• Personally, I need to be more direct at communicating to stakeholders that the activities we’re undertaking in the field with users should not be trumped by organizational politics or rapid changes in prioritization/direction. I realize that in a perfect world, this is a simple conversation; however, Fortune 500 companies are not perfect by any stretch of the imagination.

Artifacts

Due to the long-standing nature of the project, and, due to the NDA I signed, I am unable to show a lot of process or procedure.

(It should go without saying, but it’s never a good idea to leak trade secrets in a portfolio piece.)

Below, you’ll see some process artifacts that are approved to share due to the public access of the application through the iOS and Google Play stores.

Above: It was important to establish a baseline prior to beginning any redesign work so we could identify areas of opportunity. The first activity was an in-depth study of the current state of the mobile application with a scenario-based evaluation. The feedback was captured and coded, then posted in a public area for stakeholders to see.

Above: Adding a new feature to the existing installation flow required some mapping prior to screen design. Because this was the first touch a customer had with our application, we wanted to ensure it was as easy as possible for a DIY homeowner to install and operate our product (as one would expect from a User Experience project). The cross-functional group of stakeholders included Product Management, Engineering (Firmware, Software, Cloud), and Marketing.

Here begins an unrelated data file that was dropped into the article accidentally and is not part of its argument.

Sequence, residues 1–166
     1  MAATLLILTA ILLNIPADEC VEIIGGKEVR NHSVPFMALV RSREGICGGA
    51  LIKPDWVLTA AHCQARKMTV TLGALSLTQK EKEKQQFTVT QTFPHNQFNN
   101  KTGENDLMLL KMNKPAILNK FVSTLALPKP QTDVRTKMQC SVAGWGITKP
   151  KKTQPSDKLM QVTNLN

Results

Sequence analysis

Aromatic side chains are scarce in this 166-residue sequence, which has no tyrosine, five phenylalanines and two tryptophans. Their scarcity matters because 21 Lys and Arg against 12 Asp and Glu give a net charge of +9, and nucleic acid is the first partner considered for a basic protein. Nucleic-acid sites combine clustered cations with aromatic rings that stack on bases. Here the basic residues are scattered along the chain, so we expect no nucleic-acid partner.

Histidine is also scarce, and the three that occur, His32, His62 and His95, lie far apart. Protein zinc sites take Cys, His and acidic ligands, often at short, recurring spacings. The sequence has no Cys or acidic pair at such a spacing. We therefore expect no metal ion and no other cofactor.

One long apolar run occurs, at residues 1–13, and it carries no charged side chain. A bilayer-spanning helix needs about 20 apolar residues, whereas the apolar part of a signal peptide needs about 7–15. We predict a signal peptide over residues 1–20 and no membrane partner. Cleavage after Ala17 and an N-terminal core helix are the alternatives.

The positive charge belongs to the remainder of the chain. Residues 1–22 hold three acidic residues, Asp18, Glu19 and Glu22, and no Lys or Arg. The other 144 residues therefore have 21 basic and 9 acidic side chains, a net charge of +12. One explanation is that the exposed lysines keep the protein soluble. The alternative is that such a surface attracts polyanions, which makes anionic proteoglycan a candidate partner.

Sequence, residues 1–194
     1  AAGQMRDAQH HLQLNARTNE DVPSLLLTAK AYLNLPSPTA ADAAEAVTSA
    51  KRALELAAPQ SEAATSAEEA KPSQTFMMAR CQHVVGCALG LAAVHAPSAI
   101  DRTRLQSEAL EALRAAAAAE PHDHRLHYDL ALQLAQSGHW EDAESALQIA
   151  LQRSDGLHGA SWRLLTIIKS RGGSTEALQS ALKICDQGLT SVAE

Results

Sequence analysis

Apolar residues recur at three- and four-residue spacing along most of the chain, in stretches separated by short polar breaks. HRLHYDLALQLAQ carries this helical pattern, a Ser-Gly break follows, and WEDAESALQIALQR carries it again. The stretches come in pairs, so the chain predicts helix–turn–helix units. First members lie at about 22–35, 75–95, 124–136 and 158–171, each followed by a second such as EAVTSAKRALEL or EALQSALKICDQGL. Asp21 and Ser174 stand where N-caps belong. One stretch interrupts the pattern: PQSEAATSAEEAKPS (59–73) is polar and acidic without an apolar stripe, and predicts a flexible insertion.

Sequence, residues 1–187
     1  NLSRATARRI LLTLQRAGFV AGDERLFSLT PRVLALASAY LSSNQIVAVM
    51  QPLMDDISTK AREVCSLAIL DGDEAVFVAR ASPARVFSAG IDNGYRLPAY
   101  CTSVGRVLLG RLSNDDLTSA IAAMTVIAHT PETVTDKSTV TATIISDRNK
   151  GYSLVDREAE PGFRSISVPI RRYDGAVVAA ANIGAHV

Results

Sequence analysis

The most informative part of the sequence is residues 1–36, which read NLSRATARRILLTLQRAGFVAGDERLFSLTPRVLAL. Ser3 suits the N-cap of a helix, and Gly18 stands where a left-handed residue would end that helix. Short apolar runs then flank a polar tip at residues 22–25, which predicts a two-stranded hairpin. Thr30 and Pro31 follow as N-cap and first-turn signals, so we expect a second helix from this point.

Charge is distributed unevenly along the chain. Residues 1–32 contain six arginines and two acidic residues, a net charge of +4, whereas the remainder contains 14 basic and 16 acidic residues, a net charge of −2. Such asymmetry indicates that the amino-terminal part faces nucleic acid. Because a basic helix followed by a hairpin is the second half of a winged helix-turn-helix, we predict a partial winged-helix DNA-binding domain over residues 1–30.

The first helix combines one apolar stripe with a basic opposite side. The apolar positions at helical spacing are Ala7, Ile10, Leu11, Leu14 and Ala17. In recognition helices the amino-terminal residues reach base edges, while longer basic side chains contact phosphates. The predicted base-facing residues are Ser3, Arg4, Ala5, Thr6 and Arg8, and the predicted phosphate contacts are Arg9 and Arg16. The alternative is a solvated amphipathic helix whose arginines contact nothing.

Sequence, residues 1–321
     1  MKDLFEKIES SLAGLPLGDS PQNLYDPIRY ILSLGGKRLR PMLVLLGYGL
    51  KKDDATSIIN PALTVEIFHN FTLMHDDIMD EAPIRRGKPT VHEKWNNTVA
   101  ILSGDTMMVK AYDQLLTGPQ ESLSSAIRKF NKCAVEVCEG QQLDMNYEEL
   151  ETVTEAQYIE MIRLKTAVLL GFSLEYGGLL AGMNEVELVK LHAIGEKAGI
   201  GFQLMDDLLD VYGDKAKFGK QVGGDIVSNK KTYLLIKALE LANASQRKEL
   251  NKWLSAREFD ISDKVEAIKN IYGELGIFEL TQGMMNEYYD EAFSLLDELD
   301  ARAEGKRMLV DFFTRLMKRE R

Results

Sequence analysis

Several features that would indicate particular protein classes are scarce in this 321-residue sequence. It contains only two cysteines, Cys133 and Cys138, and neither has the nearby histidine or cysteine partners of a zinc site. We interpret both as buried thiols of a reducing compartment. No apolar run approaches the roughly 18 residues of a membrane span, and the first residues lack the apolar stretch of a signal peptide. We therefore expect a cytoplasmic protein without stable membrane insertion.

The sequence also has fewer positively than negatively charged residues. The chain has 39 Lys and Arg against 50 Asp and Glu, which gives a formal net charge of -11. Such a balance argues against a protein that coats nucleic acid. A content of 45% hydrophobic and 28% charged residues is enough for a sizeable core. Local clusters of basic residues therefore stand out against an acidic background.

Above: Co-creation exercises were held with a cross-functional group of stakeholders (remember: everyone is a designer!) that included Marketing, Sales, Product Ownership, Executive Leadership, Support, and Development.

Above: The stakeholder group dot-voted interface elements to pull forward in a Rose / Bud / Thorn exercise.

Above: The Interface Design team took the hand-drawn concepts and digitized them. They were then brought into another round of Rose / Bud / Thorn exercises with stakeholders to further narrow down the design direction prior to development.

Above: Emerson had a really cool technology lab built into a warehouse. I was able to use this Residential Advanced Technology Lab (RAT) Lab as a testing location for the mobile application installation instructions.

Above: Outside of the RAT Lab, we had to ready all of the devices for testing. We wanted to ensure our test would reflect real-world use, so we had devices with all of our supported Operating Systems available to ensure completeness.

Above: Inside the RAT Lab, we were able to use a room for the evaluations. We trained a camcorder on the thermostat, and had a few other overhead cameras mounted to feed into the observation room with stakeholders. A call bridge was set up so the observers could hear the evaluation room.

Above: Testing in a controlled lab environment is ok, but we really wanted to get into the field and test with homeowners. We arranged for several demo units flashed with the latest firmware and iOS/Android devices with the latest builds of the application and recruited participants. We learned a lot, like how some users keep their wires from falling through the wall (below).

Payoff